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In Europe an inventor has to be human

As mentionned in the recent EPO newsletter, the EPO has recently refused two patent application (EP 18 275 163 and EP 18 275 174) on the grounds that they do not meet the requirement of the EPC that an inventor designated in the application has to be a human being, not a machine.

In both EP applications, the applicant had indicated in the designation of inventor form:

"DABUS - The invention was autonomously generated by an artificial intelligence"

Initially the applicant had indicated that he had acquired the right to the patent as employer of the inventor and finally corrected this by indicating that he was the successor in title.

Arguments of the receiving section of the EPO

The receiving section of the EPO considered that the right to an invention and a moral right to be designated as inventor can belong only to a natural person, since only natural persons can have both moral and property rights.

Furthermore, the receiving sections points out that throughout the EPC and in the travaux preparatoires the inventor is refereed to as a "person" that is to be understand as a "natural person".

Finally, the receiving section points out that although national courts the competence to decide who is the inventor and who has the right to the European patent, the EPO and in particular the receiving section is required to check whether the designation of inventor has been filed according to Art 81 and Rule 19 EPC. Since a machine cannot have a legal personality, nor a family name and given names the designation of invention cannot fulfill the requirements of Rule 19 EPC.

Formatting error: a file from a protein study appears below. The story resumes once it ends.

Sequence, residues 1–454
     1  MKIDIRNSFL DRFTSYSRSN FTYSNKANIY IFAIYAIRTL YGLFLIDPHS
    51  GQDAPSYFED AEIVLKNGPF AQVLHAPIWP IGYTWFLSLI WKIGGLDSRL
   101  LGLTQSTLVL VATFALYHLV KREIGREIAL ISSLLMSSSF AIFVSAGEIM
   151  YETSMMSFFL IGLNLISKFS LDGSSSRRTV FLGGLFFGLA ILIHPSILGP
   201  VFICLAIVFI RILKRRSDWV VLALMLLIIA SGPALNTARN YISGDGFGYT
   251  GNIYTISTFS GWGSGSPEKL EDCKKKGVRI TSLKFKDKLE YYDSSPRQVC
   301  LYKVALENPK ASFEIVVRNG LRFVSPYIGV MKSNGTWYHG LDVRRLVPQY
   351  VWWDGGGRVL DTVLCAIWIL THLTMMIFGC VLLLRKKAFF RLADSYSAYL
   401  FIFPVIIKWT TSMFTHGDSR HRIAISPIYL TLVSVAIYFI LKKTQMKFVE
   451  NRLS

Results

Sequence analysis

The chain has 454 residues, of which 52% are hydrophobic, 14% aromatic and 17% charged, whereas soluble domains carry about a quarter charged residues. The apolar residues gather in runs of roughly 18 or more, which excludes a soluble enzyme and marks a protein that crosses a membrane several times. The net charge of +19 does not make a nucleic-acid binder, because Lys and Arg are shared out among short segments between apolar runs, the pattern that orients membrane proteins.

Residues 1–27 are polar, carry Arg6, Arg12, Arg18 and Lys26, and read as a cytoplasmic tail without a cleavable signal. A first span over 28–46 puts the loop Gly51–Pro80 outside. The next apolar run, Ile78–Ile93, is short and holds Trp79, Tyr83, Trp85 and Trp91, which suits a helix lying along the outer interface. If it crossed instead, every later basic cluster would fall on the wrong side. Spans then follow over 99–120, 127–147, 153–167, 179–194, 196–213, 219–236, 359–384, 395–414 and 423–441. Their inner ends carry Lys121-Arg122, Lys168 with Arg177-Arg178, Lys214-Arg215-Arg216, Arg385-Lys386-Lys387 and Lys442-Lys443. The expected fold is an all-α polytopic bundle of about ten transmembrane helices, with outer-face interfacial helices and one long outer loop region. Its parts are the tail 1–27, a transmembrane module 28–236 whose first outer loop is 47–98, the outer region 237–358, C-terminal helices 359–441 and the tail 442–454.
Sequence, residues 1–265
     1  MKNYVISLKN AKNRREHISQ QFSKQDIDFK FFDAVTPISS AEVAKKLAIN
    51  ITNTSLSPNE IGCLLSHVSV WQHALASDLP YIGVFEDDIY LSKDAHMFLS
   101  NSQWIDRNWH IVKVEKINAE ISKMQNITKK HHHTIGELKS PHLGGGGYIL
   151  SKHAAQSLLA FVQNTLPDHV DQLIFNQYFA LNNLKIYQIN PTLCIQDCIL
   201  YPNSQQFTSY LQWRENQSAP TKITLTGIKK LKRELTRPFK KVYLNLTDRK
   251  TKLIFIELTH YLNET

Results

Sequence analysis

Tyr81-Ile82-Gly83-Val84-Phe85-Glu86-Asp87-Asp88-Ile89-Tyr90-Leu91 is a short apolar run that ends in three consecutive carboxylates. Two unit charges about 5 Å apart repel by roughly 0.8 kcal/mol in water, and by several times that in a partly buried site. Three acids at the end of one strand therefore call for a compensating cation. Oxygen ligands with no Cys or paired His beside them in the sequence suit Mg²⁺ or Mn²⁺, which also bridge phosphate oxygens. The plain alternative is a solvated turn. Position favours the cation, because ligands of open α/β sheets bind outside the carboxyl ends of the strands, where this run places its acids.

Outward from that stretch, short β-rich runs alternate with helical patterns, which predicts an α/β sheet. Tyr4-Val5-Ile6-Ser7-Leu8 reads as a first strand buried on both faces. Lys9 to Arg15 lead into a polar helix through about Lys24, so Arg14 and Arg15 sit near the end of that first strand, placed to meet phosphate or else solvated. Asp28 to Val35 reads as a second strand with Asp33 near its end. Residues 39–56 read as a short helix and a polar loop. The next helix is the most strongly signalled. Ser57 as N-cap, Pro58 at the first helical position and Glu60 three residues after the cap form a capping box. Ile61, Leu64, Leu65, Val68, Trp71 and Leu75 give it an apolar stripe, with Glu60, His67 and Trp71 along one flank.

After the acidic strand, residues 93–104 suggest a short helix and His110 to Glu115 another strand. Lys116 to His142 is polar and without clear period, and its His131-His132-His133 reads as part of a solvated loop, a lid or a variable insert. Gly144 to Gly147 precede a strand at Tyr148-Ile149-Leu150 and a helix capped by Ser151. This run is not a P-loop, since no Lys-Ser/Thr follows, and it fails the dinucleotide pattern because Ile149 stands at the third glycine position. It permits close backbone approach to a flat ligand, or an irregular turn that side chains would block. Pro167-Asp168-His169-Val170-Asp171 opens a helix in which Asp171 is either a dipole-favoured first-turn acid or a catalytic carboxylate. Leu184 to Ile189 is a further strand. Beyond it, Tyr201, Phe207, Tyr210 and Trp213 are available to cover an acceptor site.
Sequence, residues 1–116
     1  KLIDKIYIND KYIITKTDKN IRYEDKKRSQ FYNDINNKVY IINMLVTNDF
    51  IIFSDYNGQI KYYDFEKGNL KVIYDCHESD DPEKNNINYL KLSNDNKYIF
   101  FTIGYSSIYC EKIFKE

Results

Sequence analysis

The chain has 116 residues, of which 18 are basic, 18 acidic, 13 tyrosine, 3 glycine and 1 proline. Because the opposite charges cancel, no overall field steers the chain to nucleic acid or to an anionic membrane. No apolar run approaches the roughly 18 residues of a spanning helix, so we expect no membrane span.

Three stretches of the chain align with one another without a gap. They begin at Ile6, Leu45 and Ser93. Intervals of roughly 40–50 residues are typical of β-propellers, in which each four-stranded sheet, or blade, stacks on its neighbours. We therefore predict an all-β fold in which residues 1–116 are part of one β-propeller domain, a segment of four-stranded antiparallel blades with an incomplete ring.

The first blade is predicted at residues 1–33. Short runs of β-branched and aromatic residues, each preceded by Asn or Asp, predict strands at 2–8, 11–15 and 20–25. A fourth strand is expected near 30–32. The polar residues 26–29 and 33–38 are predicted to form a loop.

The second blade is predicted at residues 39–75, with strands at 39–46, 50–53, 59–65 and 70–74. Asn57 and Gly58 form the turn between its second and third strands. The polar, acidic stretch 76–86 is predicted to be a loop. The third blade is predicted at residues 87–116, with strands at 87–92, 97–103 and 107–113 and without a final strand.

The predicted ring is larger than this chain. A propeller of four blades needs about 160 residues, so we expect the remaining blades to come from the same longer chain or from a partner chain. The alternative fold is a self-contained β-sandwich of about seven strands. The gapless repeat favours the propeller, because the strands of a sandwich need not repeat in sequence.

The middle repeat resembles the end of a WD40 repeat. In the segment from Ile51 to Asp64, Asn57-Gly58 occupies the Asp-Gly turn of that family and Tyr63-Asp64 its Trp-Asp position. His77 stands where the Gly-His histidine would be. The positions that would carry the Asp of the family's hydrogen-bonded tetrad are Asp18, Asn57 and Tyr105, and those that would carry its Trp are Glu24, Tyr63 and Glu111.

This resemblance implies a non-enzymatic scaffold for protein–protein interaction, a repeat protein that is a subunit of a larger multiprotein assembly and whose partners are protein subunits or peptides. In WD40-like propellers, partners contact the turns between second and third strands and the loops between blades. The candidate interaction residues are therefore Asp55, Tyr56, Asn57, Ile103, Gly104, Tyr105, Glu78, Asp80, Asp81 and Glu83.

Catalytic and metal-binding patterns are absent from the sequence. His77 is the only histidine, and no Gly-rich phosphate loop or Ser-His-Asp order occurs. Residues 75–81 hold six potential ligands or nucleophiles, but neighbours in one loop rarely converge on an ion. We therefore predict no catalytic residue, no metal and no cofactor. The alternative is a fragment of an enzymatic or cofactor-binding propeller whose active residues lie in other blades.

Arguments of the applicant

The applicant stated that the invention was made by a machine and that the machine "identified the novelty of its own idea before a natural person did".

Prior and during Oral proceedings the applicant argued that acknowledging machines as inventors would facilitate protection of moral rights of human inventors and allow for recognizing the work of the machine's creator.

The applicant pointed out that not accepting AI systems as inventors would exclude inventions made by AI from patentability, contrary to Art 52 to 57 EPC.

Furthermore, the applicant pointed out that in the EPC there is no mention that the inventor must be a human.

Finally, the applicant argued that even though AI systems have no moral rights or ownership rights, the same applied to certain categories of people as well. according to him, it would not be right to deny these people the right to be named as inventor for this reason. The same should apply to AI.

The Receiving section finally decided to refuse the applications since the designations of inventor filed do not meet the requirements of Art 81 and Rule 19 EPC.

The EPO new letters states that "a reasoned decision may be expected in January 2020".

Update : January 28, 2020

The grounds of the decision are now available online on the EPO register.

An interesting document is also a report issued by the five largest IP office in the world (EPO, JPO, KIPO, CNIPA and USPTO) dated October 31, 2018 that states that "All IP5 jurisdictions require that the inventor is a human being."

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